In answer to your question on tax, knowing what tax each person is liable for is incredibly complex and personal.
Here, however, is an extract from Section 3 (Interest & Fees) of the terms of the bonds that may help (and are related to the information shared by @Wickster as well)
Interest payments are made gross of tax. For Dozens bonds that you do not hold through an ISA, you will be responsible for paying any tax due on the interest earned.
Basic rate tax payers are generally able to benefit from £1,000 of tax-free income from savings (such as Dozens bonds), and higher rate tax payers can earn up to £500 of interest without paying tax. There is no allowance in the additional rate (45%) tax bracket. Otherwise please note that interest from the Dozens bonds is treated as (and therefore taxed as) income at your normal tax rates depending on your annual income level.
Any tax-free allowances must take into account all interest you earn across any financial products, not just Dozens bonds. Please note that we cannot give you financial or tax advice, and we are required to tell you by law that tax treatment (including ISA tax treatment) depends on your individual circumstances which could change in the future if your circumstances change.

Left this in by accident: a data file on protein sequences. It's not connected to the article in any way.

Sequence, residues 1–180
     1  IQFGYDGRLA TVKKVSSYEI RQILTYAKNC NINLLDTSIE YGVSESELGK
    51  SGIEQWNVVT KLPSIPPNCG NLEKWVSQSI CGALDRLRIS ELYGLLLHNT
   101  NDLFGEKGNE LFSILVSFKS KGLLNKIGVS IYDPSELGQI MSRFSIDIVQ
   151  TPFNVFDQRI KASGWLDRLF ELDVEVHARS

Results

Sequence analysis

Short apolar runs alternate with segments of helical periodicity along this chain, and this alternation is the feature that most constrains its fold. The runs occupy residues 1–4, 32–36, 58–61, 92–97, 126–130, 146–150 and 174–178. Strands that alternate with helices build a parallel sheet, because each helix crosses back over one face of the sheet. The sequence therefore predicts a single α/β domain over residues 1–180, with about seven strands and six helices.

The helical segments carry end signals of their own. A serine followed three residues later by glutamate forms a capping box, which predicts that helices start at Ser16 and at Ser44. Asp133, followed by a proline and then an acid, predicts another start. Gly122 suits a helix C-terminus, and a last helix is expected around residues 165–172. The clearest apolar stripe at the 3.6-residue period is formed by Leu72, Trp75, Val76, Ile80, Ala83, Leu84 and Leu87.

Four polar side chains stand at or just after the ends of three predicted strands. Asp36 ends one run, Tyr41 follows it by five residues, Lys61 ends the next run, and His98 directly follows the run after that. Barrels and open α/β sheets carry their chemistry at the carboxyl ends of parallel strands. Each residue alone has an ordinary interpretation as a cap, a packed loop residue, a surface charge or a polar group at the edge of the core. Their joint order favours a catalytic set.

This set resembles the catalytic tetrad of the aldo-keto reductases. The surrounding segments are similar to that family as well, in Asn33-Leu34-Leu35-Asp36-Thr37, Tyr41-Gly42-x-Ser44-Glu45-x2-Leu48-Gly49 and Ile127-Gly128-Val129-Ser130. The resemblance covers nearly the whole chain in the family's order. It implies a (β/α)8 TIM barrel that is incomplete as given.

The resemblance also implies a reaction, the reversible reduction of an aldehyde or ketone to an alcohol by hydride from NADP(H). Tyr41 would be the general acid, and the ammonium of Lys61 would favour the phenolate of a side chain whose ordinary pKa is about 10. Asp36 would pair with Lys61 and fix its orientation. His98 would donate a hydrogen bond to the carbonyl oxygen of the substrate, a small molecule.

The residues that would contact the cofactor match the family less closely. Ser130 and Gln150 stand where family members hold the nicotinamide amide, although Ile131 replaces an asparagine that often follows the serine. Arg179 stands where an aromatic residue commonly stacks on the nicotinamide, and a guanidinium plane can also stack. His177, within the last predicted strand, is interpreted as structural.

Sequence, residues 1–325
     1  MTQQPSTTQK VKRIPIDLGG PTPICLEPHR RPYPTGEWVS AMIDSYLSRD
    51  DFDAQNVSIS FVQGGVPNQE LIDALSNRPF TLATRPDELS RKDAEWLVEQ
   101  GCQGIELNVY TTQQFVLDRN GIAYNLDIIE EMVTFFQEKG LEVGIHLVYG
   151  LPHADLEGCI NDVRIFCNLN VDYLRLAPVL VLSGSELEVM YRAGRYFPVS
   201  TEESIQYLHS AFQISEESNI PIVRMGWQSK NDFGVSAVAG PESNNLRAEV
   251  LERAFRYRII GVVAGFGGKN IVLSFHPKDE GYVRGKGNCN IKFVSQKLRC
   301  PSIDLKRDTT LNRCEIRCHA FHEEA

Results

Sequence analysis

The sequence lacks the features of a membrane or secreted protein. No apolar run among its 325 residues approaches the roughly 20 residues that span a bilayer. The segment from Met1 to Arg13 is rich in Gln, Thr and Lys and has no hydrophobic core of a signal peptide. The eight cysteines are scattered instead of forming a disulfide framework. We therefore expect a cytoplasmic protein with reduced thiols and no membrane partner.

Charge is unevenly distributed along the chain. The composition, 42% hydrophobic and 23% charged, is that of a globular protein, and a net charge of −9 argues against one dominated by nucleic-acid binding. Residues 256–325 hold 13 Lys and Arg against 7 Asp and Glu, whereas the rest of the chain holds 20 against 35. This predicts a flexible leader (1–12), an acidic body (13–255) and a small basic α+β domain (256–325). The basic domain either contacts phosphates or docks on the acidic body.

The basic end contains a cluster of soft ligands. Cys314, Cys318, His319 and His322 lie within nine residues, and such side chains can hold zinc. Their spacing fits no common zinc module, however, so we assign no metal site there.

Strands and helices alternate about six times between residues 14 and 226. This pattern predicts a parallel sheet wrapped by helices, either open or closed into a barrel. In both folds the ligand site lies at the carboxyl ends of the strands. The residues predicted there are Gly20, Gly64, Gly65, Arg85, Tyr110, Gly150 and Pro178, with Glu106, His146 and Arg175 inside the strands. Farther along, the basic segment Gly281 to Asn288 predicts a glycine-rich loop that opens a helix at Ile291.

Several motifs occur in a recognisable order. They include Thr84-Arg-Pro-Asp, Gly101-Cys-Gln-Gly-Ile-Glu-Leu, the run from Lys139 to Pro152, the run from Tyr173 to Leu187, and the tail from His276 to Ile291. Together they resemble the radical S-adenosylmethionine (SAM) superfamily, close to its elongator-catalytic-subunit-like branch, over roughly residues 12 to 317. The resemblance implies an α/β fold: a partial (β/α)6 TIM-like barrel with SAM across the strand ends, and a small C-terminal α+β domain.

There are no fee deductions from the 5% per year fixed interest rate
When you attempt to bid for a bond via an ISA there really should be more clarity about which tax year the purchase would relate to. Because I’ve checked via support, I know the relevant date is the date the bonds are issued. But given the lack of information in the app I don’t think it would be unreasonable for people to make an assumption that the bid date is the relevant date
I, unfortunately have just been rejected for the first time. A little bit slow off the mark because of the long weekend and then a series of work calls. Will be interesting to see the stats to determine whether it was the bid amount or just its tardiness which caused the failure.